Admit it. There is always a time in your caregiving journey when you want to take a long and relaxing vacation. But when that time does come and go, you find yourself in a standstill then you start asking yourself this important question, “What’s next?”
Admitedly, as much as the act of caregiving is tough with all those days stressing and being physically and emotionally tired, seeing the end of it all is tougher. You would always feel a mix of emotions especially when you’ve been through so much and so many years with your patient and sometimes the sense of loss could be overwhelming, it cripples you. This doesn’t apply in death but also in transitions such as senior being transferred to nursing homes or to another caregiver’s watch.
Though it may not be the same for everyone, the majority sometimes feel an overwhelming “void” and they have to face this every single day. They would also have to cope with the sudden change in their routine, sometimes even forgetting that their loved ones are no longer here to be cared for until they catch themselves. According to the American Journal of Geriatric Psychiatry, one out of three family caregivers often experience depression at some point and this is seen to increase and intensify once the caregiving work has ended.
But if you think that these cannot be resolved, think again. Here are a few ways on how you can reconcile with the inevitable.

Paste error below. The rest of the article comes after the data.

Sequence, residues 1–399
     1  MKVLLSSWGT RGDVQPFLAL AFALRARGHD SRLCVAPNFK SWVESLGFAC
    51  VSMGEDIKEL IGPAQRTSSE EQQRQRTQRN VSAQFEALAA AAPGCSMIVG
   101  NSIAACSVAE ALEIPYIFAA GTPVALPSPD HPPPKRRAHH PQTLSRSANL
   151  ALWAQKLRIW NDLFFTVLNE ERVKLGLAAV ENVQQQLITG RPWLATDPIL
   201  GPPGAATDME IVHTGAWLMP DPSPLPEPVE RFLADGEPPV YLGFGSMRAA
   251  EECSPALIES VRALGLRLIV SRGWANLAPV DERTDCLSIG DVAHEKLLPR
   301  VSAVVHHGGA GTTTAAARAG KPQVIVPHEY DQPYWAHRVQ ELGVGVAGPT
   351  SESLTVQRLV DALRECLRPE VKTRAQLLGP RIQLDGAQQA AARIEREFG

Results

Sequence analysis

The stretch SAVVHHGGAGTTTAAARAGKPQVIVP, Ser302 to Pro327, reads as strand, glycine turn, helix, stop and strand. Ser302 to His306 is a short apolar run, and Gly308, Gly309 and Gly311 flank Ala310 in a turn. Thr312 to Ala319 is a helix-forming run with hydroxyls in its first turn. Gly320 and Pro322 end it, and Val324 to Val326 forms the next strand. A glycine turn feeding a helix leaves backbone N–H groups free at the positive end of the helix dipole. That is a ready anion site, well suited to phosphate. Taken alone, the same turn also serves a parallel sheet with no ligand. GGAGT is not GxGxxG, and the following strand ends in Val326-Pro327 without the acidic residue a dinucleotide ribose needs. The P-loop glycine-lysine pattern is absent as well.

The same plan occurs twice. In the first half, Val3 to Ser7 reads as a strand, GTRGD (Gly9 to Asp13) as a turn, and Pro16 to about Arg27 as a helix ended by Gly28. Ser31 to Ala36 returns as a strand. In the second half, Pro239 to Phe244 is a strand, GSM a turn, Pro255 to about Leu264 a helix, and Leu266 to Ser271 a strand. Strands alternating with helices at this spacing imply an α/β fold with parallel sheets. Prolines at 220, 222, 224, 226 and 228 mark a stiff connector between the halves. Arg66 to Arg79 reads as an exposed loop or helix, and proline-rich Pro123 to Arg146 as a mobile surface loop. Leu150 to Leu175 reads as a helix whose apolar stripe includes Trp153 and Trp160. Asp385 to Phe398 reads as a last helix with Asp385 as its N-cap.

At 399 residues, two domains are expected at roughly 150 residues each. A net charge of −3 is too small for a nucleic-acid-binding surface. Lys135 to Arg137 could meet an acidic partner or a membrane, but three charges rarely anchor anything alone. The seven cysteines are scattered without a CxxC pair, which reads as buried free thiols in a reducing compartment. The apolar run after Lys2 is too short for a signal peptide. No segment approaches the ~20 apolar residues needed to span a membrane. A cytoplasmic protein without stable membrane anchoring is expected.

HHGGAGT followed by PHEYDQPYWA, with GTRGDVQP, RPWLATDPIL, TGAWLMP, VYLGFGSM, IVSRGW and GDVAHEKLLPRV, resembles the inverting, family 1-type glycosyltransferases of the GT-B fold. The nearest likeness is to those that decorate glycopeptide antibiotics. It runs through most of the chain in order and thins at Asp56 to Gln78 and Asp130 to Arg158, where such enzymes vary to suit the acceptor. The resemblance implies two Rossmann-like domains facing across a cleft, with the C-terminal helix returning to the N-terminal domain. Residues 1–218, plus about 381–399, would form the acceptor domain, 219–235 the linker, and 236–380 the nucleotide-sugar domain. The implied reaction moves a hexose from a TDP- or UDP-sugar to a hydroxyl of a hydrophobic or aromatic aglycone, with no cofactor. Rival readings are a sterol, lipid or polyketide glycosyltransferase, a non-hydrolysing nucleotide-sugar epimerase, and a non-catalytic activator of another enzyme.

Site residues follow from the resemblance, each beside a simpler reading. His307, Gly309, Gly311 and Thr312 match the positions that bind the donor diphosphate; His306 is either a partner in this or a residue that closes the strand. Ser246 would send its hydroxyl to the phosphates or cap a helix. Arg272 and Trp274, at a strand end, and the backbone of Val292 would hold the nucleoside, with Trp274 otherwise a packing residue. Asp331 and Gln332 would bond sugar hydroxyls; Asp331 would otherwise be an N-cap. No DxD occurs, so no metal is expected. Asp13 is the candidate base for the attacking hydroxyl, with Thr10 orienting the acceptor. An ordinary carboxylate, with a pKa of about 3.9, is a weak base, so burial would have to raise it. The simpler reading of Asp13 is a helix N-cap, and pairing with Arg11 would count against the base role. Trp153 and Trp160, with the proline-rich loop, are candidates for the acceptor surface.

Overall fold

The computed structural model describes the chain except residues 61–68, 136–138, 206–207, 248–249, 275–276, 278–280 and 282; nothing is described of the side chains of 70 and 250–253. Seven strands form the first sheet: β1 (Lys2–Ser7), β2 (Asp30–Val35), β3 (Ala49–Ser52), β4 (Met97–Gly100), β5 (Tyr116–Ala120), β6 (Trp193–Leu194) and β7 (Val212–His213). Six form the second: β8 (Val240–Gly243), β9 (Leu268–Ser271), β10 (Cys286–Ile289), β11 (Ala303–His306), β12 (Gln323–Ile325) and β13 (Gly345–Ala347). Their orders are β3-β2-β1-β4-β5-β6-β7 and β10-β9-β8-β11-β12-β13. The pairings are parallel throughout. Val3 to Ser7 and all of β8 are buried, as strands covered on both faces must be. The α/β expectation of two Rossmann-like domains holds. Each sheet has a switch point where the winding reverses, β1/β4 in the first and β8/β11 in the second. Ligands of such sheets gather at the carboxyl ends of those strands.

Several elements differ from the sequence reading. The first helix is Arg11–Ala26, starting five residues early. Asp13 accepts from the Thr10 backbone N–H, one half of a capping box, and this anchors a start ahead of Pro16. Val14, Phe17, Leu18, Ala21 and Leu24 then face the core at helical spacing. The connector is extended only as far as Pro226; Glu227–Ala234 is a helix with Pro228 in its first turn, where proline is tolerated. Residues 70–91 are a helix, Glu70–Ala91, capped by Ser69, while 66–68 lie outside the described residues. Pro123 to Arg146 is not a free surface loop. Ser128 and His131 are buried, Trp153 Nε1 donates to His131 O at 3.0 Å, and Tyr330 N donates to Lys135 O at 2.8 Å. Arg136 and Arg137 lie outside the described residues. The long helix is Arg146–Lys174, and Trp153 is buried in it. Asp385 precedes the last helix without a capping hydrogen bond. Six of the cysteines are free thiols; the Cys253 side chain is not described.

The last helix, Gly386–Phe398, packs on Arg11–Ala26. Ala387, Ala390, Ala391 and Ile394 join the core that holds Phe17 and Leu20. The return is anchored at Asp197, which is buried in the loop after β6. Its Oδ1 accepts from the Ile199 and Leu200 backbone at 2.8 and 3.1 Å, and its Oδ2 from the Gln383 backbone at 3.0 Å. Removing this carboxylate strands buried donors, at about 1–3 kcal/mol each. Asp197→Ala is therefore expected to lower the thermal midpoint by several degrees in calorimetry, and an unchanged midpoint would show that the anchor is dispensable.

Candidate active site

1.) Talk to Someone
Like how one could manage stress in caregiving, talking to someone about their feelings of the loss will make things more bearable. That’s why support groups are made. They are not just there to serve as helping hands for a stressed caregiver but also for one who has yet to come into terms with the new change. Remember, it is better to let things off your chest rather than keeping them in.
2.) Find a Routine
One of the things noted when one is caregiving, is that caregivers always have this certain routine and when the job is over, they find themselves having a hard time readjusting with their vacant schedules. It doesn’t have to be related to caregiving as you could go take up a hobby or find a new job.
3.) Don’t Put Your Skills To Waste
Just because one chapter of your caregiving life has ended, it is not the end of everything. You could always put your skills to practice by pursuing a career that makes use of your skills. There are people out there that need your skills and you could always put them into play. If having caregiving as a career is not within your sights, you could always volunteer in a nursing home or for a non-profit agency. If ever you do decide to full-time on caregiving, there are educational facilities that enable you to undergo further education as well as launch you to a career involving caregiving. Although most caregivers start off with minimum wages, it does go up on the amount of hours and duties they spend their time on.